<
>

Chris Nilan talks NHL film, fighting, recovery

Chris "Knuckles" Nilan turned fighting on the streets in Boston into a long career in the NHL as one of the league's most accomplished enforcers.

"Fighting was easy. It was second nature to me," said the 54-year-old Nilan, who retired in 1992. "Now, playing hockey was the hard part."

Nilan's story is being told in the new movie "The Last Gladiators," led by Academy Award-winning director Alex Gibney. The movie, which also talks about enforcers Marty McSorley and Bob Probert, opens Friday in New York.

Playbook had a chance to talk with Nilan about his rise in hockey, his descent into drug addiction and how he turned his life around.

How did you get involved in this project?

"The producers were wanting to do a documentary on fighting and hockey and wanted to know whether I wanted to answer some questions. I had just gotten out of drug and alcohol treatment and talked to them the next day. After they interviewed me, they considered me the central figure of this movie. I had some time on my hands, and I trusted these guys. It was phenomenal."

You played nearly 700 games in 13 years in the NHL and won the Stanley Cup with the Montreal Canadiens in 1986. What do you think of your career?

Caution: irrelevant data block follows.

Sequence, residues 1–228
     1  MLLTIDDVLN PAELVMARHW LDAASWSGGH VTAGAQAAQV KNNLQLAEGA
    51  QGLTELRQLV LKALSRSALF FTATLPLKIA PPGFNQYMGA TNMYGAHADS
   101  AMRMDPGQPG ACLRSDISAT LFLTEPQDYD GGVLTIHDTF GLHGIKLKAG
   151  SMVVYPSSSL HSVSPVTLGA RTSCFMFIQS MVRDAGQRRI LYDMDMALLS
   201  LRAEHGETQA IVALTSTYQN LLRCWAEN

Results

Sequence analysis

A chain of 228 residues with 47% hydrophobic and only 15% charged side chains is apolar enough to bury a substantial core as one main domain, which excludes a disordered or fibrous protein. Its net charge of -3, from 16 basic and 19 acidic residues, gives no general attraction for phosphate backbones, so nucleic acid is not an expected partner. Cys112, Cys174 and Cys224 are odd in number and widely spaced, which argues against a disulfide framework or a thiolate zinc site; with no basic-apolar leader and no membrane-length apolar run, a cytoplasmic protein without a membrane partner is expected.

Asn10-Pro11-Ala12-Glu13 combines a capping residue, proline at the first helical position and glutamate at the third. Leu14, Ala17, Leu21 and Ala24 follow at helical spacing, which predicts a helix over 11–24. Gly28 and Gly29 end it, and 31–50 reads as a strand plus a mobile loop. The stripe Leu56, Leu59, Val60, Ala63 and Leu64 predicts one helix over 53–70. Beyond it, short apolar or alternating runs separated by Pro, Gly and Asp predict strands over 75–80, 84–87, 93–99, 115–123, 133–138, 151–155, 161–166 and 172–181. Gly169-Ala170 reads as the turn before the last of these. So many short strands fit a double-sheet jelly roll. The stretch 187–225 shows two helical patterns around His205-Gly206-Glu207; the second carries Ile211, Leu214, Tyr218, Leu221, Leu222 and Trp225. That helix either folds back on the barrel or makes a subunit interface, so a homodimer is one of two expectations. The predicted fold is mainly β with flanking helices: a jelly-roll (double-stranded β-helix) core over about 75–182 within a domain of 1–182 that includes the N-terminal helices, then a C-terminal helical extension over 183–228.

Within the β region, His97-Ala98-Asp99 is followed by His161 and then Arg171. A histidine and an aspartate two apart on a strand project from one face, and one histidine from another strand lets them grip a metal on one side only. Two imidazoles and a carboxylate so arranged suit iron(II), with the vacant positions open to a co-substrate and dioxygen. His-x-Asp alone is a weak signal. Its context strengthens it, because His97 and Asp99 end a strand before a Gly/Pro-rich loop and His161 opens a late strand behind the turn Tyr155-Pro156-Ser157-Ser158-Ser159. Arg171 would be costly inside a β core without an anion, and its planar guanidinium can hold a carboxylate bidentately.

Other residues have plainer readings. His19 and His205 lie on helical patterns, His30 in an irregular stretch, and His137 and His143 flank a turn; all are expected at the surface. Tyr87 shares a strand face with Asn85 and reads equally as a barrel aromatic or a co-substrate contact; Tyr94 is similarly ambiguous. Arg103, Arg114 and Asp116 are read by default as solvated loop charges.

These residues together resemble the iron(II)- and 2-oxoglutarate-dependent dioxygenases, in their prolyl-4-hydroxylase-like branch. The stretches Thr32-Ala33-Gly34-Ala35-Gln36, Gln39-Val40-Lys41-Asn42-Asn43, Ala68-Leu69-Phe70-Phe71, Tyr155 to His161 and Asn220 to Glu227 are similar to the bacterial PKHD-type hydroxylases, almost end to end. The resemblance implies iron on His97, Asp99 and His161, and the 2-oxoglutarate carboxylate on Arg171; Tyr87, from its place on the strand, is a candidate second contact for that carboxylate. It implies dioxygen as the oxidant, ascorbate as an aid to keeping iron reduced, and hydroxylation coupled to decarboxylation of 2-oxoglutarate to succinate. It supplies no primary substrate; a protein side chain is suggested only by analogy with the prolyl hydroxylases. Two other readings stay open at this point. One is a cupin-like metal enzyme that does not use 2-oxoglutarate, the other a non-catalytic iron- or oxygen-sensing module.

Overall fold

"Are you kidding me? This is all I ever wanted to do as a kid. I grew up watching the Boston Bruins and Bobby Orr and Phil Esposito. Fighting was very easy for me. I knew that's what my role was. Winning the championship was incredible."

Did you like the nickname Knuckles?

"Like it or not, that was the nickname given to me. I just rolled with it. It's part of my nature to be an aggressive guy. That how I grew up in Boston and how I played on the ice. The Bruins were my role model. They were a tough team. I wasn't a pushover in my neighborhood."

Do you think fighting is necessary in hockey these days?

"Everyone has an opinion on it. I think there is a place for it in the game if it's used properly. You need to protect your own guys. Can it be done away with? Yes. But what would the results be? I think there would be more injuries because if you hit someone and nothing happens, who pays a price for that? Someone has to answer for that. Back in the day, we had to police ourselves. Today, the league is trying to police it."

What did you think when you watched the movie "The Last Gladiators?"

"I went to the premiere in Toronto, and it was an incredible job. It was very emotional for me to watch. I was in tears. It brought back a lot of negative stuff in my life. I saw the pain I put my mom and my dad through."

The movie talks about your surgeries and addiction to painkillers and eventually to alcohol and heroin. And now your recovery. How are you doing today?

"I love my life. I'm comfortable in my own skin. I ended up in a bad place, and I lost myself. I started learning about alcohol and drug addiction. I got to the other side. I didn't have opportunities to do anything when I was messed up. No one wants to deal with someone like that. I don't blame them. I now have people that have faith in me and willing to give me a second chance at life. I'm working on radio in Montreal. I started an anti-bullying campaign and have spoken to about 100 schools. My life isn't over."